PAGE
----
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Stephen Lew/Icon Sportswire via Getty Images. Pictured: Cameron Thomas.

Regression could be looming for an already suspect defense, which would spell disaster for LSU in the tournament. The offense is superb by every measure, but I just don’t think the Tigers can get enough stops against elite teams to make a deep run.

St. Bonaventure

Pat McMahon: The Bonnies enter the NCAA Tournament as one of the hottest teams in the country. They’ve won six of their last seven, and were both the A-10’s regular-season and tournament champion.

Mark Schmidt’s club is incredibly disciplined and well-coached. It’s a veteran group with five junior starters. These factors help make up for the Bonnies’ lack of depth — no team relies on its starters more than St. Bonaventure.

The Bonnies are efficient on both ends of the floor and play at a slow pace (319th in adjusted tempo).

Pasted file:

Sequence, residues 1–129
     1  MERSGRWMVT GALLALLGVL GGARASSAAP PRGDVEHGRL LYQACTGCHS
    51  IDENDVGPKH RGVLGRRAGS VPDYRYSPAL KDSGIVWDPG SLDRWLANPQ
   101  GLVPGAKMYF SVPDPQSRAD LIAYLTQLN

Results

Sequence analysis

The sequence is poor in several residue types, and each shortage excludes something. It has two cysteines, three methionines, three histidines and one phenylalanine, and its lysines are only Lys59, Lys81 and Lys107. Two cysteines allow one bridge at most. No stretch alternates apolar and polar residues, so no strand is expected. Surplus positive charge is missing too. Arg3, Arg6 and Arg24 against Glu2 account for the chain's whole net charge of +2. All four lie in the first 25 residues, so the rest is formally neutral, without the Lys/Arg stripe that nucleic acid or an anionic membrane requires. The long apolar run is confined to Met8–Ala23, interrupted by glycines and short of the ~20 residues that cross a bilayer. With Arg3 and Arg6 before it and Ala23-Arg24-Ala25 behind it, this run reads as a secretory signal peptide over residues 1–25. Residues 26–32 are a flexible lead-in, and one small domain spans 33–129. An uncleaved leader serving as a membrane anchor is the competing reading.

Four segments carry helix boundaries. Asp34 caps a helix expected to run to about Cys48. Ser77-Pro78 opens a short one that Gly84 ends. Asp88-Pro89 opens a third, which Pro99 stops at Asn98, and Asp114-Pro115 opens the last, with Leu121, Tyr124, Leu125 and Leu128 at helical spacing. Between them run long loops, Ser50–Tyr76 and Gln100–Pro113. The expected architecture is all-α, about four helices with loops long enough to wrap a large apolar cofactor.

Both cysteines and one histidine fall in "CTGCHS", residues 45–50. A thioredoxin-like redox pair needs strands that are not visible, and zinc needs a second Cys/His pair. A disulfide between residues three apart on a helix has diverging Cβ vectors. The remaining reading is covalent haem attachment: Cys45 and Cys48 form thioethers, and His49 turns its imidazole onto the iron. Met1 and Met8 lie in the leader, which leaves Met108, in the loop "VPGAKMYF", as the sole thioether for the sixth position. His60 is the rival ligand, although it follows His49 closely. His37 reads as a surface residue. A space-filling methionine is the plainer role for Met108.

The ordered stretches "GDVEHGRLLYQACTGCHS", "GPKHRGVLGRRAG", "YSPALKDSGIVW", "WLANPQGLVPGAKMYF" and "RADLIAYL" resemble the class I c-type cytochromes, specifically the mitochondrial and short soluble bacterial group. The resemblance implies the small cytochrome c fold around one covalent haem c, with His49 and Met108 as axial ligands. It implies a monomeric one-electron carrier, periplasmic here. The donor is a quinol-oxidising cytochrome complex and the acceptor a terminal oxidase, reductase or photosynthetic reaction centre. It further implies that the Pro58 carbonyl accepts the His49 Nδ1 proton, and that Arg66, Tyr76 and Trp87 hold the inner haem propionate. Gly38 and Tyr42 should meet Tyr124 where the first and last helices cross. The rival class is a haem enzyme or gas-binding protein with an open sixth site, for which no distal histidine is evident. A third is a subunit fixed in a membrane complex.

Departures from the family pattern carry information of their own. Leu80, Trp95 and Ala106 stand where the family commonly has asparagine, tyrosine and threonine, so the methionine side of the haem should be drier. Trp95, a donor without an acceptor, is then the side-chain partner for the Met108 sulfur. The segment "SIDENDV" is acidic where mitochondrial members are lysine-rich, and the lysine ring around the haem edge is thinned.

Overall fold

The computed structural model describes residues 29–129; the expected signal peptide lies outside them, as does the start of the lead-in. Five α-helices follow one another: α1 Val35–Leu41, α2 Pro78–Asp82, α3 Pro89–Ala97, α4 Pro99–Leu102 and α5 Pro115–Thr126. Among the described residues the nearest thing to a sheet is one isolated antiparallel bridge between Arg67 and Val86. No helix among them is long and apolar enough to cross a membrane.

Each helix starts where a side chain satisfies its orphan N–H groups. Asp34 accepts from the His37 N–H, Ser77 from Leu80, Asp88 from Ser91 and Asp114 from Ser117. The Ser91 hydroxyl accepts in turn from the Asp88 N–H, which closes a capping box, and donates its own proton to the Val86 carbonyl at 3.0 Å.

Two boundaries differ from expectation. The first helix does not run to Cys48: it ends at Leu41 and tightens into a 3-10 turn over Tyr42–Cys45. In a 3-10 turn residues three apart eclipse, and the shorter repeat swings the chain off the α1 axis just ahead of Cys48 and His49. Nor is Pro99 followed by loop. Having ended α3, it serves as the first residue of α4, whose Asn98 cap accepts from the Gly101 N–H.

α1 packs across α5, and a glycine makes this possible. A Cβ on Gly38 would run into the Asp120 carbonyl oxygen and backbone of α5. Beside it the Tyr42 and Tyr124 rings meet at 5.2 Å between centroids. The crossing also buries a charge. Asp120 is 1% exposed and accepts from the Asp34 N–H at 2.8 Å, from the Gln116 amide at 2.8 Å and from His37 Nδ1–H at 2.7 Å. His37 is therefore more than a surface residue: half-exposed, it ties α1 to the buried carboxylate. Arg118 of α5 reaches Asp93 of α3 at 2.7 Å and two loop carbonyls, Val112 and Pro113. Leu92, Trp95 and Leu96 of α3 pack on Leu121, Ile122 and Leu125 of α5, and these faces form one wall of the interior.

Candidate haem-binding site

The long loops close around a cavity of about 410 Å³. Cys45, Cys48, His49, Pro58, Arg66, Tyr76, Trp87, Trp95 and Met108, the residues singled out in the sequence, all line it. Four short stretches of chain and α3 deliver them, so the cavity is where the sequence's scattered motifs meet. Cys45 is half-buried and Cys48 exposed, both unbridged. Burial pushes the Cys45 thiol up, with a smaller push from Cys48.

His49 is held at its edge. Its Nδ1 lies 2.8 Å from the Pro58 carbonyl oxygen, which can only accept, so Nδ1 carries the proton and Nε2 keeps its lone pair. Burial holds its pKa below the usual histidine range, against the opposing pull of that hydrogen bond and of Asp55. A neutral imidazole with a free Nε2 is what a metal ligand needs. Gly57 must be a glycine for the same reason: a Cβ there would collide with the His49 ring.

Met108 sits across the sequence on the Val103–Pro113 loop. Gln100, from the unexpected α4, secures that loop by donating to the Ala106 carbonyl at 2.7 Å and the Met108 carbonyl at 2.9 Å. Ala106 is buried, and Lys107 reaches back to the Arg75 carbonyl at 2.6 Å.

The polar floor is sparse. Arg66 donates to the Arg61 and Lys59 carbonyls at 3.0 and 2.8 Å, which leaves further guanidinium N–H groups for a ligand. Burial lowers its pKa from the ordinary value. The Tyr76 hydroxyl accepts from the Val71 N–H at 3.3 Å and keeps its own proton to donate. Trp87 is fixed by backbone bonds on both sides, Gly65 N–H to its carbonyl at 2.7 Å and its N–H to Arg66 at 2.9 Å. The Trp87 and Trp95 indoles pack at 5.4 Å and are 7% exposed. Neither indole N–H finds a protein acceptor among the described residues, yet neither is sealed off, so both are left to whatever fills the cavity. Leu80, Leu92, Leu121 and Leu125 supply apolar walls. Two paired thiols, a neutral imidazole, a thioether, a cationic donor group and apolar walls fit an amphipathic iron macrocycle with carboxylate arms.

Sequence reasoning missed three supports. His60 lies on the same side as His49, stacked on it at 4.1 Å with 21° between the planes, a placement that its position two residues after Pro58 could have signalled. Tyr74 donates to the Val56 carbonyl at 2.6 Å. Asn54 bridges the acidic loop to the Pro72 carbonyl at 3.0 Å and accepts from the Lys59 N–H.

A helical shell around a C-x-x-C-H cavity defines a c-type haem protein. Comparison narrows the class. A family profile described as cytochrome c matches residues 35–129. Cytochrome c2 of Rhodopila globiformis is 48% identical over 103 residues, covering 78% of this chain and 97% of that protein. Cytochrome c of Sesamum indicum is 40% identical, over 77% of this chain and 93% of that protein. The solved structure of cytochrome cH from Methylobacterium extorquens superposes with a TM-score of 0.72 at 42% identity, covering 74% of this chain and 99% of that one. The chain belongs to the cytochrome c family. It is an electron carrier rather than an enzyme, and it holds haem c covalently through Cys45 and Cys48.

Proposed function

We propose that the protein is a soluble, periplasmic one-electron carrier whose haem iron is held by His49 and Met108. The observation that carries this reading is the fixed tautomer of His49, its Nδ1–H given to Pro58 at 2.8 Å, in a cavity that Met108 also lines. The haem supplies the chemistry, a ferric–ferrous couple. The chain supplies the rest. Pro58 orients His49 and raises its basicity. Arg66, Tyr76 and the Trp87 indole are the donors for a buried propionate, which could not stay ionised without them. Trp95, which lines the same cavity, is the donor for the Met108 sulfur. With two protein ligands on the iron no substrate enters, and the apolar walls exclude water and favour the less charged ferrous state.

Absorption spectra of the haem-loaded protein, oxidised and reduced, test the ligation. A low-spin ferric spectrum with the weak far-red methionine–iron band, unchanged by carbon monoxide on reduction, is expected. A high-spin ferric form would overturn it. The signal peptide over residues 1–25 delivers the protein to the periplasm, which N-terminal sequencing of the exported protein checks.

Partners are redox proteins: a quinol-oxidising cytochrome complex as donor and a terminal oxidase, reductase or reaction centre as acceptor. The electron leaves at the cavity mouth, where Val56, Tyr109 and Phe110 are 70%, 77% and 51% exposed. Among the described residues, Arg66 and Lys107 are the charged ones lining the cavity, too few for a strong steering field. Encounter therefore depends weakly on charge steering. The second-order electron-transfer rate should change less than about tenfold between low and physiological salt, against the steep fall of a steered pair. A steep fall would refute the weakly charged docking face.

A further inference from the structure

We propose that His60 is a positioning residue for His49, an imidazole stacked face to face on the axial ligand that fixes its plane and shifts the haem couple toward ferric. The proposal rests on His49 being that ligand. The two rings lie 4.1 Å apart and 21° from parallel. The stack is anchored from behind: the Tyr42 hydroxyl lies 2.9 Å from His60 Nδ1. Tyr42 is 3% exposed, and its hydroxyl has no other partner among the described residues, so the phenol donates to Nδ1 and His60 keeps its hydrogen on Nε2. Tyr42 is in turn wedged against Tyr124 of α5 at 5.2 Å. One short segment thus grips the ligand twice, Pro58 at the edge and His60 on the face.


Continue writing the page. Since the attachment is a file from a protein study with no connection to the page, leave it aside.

The defense is the backbone of this team and has been incredible all season. The Bonnies rank 17th in adjusted defensive efficiency and have the nation’s fifth best scoring defense, surrendering just 60.4 points per game.

Center Osun Osunniyi, the A-10 Defensive Player of the Year, anchors the defense in the paint. He uses his 7-foot-8 wingspan and incredible instincts to block 2.9 shots per game and alter many more. The only real weakness to this defense is Osunniyi can be prone to foul trouble, and the defense takes a major step back when he’s forced to sit.